“We don’t promote it,” Eric Lash, director of management at Alexander Wolf Management, notes about limits. Just recently, the company took over management of a co-op in Howard Beach, Brooklyn. The nine-member board had four directors step down this past October, including the president, vice president, secretary, and treasurer. Worried about continuity, Lash urged those members who weren’t yet at their limit to stay on. But they refused.

“We had a gap on the board in terms of having people to serve and a vacuum in terms of leadership. I was very anxious about that,” says Lash. So far, his worst fears have not come to pass – the building is operating smoothly – but there is no treasurer. That means the treasurer’s work is falling on the shoulders of the secretary, which is not fair.

Over at Castle Village, a co-op at 182nd Street in Manhattan, the board briefly considered term limits, but took a different route instead – staggered terms, to ensure that several people would always be serving who had a memory of what had happened in the co-op and why.

“Castle Village is a small city – it has 589 units and $8 or $9 million in operating funds – and governance requires knowledge of history. Without that you would have chaos,” points out Jerry Fingerhut, the co-op’s president and former treasurer.

The need for staggered elections became apparent two years ago when part of the retaining wall on the co-op grounds collapsed onto the West Side Highway (see “The Wall Came Tumbling Down,” Habitat, October 2006). For over a year, the co-op wrestled with bills and lawsuits from city agencies and their contractors.” It would have been an enormous distraction for the board members to run for reelection at the same time, so the board instituted staggered elections, in order to retain those members with experience. Given the enormity of the reconstruction project, it was “just the prudent thing to do,” says Fingerhut.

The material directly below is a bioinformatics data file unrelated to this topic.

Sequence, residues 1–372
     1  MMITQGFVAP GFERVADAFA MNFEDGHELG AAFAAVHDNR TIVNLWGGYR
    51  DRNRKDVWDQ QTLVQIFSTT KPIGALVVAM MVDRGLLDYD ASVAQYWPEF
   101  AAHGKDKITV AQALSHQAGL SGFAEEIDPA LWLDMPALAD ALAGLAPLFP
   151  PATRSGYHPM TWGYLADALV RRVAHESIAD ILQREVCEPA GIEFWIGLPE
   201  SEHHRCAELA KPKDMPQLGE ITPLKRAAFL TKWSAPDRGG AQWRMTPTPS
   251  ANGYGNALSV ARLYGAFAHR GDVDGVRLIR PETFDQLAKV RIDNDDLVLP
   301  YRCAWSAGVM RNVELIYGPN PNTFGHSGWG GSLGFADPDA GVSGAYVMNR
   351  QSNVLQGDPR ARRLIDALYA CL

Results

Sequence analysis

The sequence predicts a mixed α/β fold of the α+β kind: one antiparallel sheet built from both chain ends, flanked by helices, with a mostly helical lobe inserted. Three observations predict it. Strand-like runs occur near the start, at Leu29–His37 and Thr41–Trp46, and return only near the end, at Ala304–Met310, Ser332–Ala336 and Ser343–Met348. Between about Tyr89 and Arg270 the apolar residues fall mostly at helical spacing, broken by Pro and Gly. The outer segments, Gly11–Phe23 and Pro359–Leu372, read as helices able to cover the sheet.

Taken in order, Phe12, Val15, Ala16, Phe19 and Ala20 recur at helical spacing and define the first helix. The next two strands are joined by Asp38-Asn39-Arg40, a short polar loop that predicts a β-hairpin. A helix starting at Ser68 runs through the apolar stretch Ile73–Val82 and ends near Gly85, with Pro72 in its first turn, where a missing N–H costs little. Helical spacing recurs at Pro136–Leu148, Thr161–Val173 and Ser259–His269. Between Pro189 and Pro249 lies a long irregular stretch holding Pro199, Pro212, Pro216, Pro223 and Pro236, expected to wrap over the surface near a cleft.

As a general rule of thumb, Morton Rosen, a partner in the law firm Rosen & Livingston, opposes the idea of term limits. There doesn’t seem to be any positive reason for having them, he explains, except for those ephemeral arguments that it produces more democratic results. And in my opinion, that’s a lot of crap. Serving on a board is difficult enough; there are all kinds of risks for board members – being sued, giving up personal time, and accepting abuse for a voluntary job. If someone wants to serve in that position, they shouldn’t be eliminated because of an artificial restriction.”

But it isn’t always a bad idea. Directors can get complacent, cooperators can be unwilling to run to replace an embedded board, and problems can fester, asserts Alvin Wasserman, director of Fairfield Property Services. In fact, if everything seems to be going along swimmingly, cooperators need to take another look.

“Sometimes you have someone [on the board] who is a benevolent leader, and you’d like him to stay on forever, but there’s a flip side,” says Wasserman. “For instance, [you can have] a board that boasts about not having raised monthly charges for 10 years, and after 10 years they learn they are broke.” So, at annual meeting time, instead of raising the maintenance two to three percent to make up for a shortfall, they have to institute a 25 percent increase.

“Those are scenarios we’ve seen a couple of times,” Wasserman notes.If there had been term limits, people might be on the board who would look at the situation with fresh eyes and say, “Wait a second, there’s something wrong here.”